Posts Tagged ‘George Soros’

301

During the height of the euro crisis, politicians in Europe, and indeed central bankers, blamed the markets and credit ratings agencies. Yesterday an official at the Fed followed that tactic too.

Richard Fisher, president of the Dallas Federal Reserve, told the ‘FT’: “I do believe that big money does organize itself somewhat like feral hogs. If they detect a weakness or a bad scent, they go after it.”

He also took the opportunity of being interviewed by the ‘FT’ to remind us all about George Soros – the man who shorted sterling in 1992, beat the Bank of England and hastened the UK’s departure from the ERM. He likened today’s feral hogs to Mr Soros, but is that right?

Being a messenger is never a good place to be, not if you bring bad news anyway. When Eurozone politicians blamed credit ratings agencies, and what they called bond vigilantes for the woes in Europe, they were surely deluding themselves. They had fooled themselves into thinking the crisis was less serious than it was, and they thought they could talk until the cows came home. The markets went some way towards correcting their complacency.

By hastening the UK’s departure from the ERM, George Soros probably did the UK a favour.

But what about this time?

Markets are selling because there are fears that interest rates are set to rise. The Fed has said as much, and even in China there are signs of monetary tightening.

But don’t forget that the news out of the US has been good of late. To remind you of two of the highlights: US banks’ profits were at an all-time high in Q1, and US households have cut debt substantially since 2007.

As things stand, the Dow remains substantially up on its start of year position as does the Nikkei 225 in Japan. And that makes sense.

Markets probably overdid their exuberance in May, but both the US and Japan are in a better place now than they were at the beginning of the year.

As far as equities are concerned, in addition to fears about the Fed tightening monetary policy, some are nervous about the possibility that US profits to GDP are set to fall. But in the long run, profits to GDP falling and wages to GDP rising is surely good thing.
Even higher interest rates are a good thing, if higher rates are symptomatic of the economy returning to normal.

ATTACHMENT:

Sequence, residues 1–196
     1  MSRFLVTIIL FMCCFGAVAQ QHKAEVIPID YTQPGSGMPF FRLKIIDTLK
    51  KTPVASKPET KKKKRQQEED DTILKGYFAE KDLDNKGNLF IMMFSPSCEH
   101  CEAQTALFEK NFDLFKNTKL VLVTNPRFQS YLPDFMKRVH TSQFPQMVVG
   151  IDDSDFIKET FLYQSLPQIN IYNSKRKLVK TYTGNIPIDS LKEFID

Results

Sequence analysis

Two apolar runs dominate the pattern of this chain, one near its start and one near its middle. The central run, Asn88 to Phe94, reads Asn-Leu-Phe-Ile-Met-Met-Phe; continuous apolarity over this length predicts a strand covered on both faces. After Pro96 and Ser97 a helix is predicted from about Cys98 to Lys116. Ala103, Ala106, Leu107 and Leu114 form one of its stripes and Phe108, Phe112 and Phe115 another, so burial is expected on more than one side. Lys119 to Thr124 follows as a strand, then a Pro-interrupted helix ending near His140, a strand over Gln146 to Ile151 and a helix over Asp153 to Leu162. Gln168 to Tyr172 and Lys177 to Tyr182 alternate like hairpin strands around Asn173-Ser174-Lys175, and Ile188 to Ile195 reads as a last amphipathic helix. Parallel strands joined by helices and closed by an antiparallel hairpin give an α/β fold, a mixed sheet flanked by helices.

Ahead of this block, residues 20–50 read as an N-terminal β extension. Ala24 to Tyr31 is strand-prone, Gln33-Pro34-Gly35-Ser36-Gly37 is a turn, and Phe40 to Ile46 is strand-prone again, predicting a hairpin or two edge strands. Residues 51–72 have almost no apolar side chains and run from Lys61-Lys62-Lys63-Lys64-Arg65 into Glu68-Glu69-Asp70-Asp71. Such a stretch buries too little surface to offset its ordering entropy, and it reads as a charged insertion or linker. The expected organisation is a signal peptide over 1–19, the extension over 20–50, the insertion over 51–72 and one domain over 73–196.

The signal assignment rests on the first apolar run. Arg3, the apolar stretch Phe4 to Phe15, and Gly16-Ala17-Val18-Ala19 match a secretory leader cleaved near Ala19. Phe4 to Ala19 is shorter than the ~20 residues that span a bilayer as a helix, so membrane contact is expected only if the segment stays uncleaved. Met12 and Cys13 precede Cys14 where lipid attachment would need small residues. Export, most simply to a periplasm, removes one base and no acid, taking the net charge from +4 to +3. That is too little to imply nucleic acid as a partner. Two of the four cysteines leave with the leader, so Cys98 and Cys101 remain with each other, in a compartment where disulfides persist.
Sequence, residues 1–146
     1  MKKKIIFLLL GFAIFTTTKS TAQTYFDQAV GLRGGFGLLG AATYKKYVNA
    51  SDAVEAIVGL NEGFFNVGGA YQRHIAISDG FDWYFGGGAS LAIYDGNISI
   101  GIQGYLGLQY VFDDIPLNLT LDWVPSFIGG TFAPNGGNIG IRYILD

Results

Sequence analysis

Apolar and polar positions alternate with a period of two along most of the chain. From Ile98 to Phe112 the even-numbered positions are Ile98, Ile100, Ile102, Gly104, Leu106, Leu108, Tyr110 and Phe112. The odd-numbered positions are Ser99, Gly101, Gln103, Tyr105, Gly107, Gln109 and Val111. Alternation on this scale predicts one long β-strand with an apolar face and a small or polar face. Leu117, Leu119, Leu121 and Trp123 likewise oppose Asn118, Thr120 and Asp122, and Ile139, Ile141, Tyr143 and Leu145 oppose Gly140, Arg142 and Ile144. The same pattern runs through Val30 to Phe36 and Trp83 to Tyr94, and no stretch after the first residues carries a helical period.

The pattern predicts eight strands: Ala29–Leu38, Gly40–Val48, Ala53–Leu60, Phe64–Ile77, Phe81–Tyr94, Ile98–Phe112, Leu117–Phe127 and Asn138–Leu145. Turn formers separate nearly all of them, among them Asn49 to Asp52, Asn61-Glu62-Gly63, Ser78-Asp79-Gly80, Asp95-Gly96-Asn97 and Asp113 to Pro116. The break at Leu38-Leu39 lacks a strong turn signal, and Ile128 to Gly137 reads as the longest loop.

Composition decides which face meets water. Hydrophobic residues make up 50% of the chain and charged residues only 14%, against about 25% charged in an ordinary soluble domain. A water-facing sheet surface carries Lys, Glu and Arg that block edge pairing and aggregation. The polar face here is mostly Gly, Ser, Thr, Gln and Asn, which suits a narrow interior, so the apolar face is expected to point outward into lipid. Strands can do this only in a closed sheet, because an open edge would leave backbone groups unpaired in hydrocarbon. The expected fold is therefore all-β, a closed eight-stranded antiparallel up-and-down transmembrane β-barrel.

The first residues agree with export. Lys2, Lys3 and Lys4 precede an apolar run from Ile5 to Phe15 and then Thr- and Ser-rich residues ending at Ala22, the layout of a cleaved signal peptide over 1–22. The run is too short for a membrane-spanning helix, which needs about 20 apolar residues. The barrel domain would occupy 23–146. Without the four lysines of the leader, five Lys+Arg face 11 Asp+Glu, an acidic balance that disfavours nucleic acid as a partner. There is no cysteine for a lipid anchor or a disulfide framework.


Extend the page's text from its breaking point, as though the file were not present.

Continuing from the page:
But higher interest rates will be bad news for those with high debts, and for that reason the UK and – more so – the Eurozone may lose out.

The FTSE 100 has not performed as well as US markets this year. Unlike the Dow, it never did pass its all-time high. And unlike the Dow, the FTSE 100 has now fallen to within a whisker of its start of year price. That is probably about right.

But at least the UK has its own central bank, free to print money and buy bonds via quantitative easing.

The countries of the indebted Eurozone do not have such a luxury, which is why Europe may yet be the biggest loser.

Image: Pig In Pen by Kim Newberg

© Investment & Business News 2013

217

All of a sudden the criticism is coming from everywhere. From George Soros to the Australian Treasurer; from the US Treasury Secretary to a former German Finance Minister, Germany’s leader Angel Merkel is being put under enormous policy to change tack. Is the great European experiment with austerity about to be ditched?

Perhaps one of the more surprising elements of the recent media coverage of the death of Lady Thatcher has been the focus on her views on the unification of Germany. Opinion seems divided on what, precisely, she believed, (whether unification should not happen at all, or should be merely delayed).

It is clear, however, that she had grave reservations. The unification of Germany probably led to acceleration in the European project; the idea being that a more closely integrated Europe, especially closer ties between France and Germany would act, as a counter weight to Germany’s new found might. Lady Thatcher, it appears, felt that not even that approach would work; that a united Germany would become virtually all powerful within such a union.

But the discussion on Lady’s Thatcher’s views on German unification is really about something else. Germany’s position within Europe is becoming increasingly unpopular and seemingly unrelated developments in the news have been sucked into the debate.

The criticisms of Germany have reached a new crescendo for two reasons. The first factor is the contrast with Japan. Its new programme of QE is not so much making the Eurozone look as if it is behind the curve, as making it look as if it is not on the curve at all. The second factor is the Cypriot debacle. The way this crisis was dealt with in Europe has left a nasty scar on the entire European project.